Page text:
This one is pretty self-explanatory � do people read the publication and hold on to it, referring back to it for information, statistics, details, etc. or is it filed right away in the recycle bin? Shelf time, while also nearly impossible to measure, is best determined by the quality of the editorial in the publication. Think of popular magazines such as People Magazine, Fortune or The Economist. People may be entertaining, but generally after it is read, it is disposed of. While Fortune, The Economist and other publications with quality editorial are often seen on office credenzas, desks and nightstands, as they contain valuable business information and insight which people often need to review again and again. Shelf time, though also intangible, is important to weigh into the ad buying decision simply because an important componet of advertising is frequency. The number of times a person views your ad is directly proportional to the likelihood they will remember your company and do business with you in the future � if your ad is in the publication with the shelf time, people will see it more often. Quality editorial drives shelf time so look for publications that are non-biased, that present newsworthy features, that discuss industry-related events and offer true value.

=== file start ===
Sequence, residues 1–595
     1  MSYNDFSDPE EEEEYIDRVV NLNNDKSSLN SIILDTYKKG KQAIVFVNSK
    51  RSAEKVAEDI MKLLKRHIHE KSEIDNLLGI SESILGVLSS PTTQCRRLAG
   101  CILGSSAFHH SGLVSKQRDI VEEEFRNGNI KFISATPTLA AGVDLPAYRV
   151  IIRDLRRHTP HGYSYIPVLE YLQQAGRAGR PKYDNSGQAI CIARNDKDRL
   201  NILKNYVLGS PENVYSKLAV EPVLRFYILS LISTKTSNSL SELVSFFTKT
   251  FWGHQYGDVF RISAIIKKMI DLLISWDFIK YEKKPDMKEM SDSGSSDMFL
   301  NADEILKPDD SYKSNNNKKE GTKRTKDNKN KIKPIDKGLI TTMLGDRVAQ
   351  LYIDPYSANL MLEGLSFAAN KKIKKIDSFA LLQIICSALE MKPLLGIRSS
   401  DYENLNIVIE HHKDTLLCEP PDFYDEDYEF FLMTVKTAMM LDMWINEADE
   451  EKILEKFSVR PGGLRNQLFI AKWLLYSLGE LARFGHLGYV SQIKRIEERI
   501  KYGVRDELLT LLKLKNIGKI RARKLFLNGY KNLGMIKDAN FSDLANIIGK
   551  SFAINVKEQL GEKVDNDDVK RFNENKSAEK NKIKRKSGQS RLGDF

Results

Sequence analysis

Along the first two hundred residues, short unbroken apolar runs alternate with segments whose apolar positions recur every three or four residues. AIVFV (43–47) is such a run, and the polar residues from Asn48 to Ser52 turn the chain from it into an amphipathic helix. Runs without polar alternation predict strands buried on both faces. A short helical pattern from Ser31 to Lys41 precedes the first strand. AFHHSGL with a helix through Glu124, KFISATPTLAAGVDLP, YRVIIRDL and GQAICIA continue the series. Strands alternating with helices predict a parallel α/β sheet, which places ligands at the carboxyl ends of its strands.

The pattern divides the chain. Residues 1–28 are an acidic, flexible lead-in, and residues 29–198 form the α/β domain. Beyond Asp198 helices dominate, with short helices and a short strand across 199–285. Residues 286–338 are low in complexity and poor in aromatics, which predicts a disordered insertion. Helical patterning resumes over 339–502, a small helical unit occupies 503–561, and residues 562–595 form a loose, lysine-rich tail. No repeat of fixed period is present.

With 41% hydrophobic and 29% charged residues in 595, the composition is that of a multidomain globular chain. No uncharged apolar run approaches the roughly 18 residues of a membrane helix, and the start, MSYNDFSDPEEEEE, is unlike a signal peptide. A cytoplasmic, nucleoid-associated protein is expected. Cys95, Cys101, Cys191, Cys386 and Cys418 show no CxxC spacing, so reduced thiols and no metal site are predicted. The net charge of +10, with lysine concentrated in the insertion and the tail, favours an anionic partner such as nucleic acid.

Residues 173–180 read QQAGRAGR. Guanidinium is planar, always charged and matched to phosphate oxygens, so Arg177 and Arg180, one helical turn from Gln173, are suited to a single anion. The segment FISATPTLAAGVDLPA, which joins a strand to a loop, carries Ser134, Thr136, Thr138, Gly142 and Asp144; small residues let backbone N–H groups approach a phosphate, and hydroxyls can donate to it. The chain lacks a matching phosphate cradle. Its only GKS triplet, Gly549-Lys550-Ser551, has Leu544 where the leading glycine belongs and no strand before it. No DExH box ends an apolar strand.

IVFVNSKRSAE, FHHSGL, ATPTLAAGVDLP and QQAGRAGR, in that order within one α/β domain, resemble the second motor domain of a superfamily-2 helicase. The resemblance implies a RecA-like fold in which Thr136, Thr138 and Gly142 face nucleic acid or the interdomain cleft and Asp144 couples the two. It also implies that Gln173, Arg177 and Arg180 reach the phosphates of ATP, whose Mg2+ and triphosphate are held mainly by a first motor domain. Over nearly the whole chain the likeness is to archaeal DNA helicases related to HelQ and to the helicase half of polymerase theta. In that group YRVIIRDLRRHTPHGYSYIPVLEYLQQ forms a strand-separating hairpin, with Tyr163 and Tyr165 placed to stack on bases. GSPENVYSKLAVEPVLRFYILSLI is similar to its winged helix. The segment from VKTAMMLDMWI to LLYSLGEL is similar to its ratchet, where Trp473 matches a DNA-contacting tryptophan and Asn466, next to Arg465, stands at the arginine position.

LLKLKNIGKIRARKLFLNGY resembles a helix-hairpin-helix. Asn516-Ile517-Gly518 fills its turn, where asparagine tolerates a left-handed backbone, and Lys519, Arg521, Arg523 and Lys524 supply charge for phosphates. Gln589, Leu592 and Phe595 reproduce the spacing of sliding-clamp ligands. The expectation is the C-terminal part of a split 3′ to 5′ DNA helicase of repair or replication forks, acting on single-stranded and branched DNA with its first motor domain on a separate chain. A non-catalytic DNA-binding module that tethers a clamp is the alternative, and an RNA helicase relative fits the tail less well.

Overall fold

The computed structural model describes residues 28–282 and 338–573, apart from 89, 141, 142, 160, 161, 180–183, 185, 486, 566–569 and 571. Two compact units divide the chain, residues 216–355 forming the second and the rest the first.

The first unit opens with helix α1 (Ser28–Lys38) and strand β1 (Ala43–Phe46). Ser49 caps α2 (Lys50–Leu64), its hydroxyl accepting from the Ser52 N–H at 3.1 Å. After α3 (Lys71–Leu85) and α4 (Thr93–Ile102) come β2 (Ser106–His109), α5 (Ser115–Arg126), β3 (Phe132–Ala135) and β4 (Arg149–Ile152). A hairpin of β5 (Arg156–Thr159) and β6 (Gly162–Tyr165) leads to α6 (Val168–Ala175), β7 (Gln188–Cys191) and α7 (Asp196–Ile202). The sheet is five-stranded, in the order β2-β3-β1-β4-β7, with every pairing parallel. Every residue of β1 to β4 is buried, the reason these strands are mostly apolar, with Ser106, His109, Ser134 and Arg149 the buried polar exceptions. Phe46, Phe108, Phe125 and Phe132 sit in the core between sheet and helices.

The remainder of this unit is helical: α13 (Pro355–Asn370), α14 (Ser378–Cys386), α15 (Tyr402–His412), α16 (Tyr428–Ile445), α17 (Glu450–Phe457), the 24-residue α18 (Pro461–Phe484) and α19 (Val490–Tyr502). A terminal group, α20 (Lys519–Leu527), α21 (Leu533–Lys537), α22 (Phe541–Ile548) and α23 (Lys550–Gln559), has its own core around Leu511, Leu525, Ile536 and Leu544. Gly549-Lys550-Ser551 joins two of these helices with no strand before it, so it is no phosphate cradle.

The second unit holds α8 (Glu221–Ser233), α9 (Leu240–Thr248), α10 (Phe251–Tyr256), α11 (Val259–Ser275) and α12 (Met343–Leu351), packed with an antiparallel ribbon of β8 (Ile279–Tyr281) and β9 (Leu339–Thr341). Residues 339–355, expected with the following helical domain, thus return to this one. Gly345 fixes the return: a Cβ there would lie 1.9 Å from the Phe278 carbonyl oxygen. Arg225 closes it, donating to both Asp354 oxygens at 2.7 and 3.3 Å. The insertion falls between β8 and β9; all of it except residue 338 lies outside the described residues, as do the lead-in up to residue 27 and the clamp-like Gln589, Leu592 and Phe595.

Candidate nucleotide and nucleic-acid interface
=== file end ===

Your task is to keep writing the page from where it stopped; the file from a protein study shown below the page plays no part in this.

Media Reputation

   It is as true today as it was when your mother told you as a kid � you are who your friends are. This translates into business as well. The reputation of your friends and partners reflects on you, as does the reputation of the media with which you associate your business. When considering whether to advertise in a particular publication, it is important to consider its general reputation. Do people actually read the magazine, do they learn from it, do they find value in its editorial? Do quality writers and experts contribute to the editorial to provide non-biased articles and features? These are all important to consider and evaluate. Survey those customers you trust and those with whom you'd like to partner in the future, and ask them their impressions of the various media vehicles in your space � and then consider that they very well may view your company in the same way as they view the publications in which you advertise. Make quality friends and business partners. This translates to your media buying efforts as well.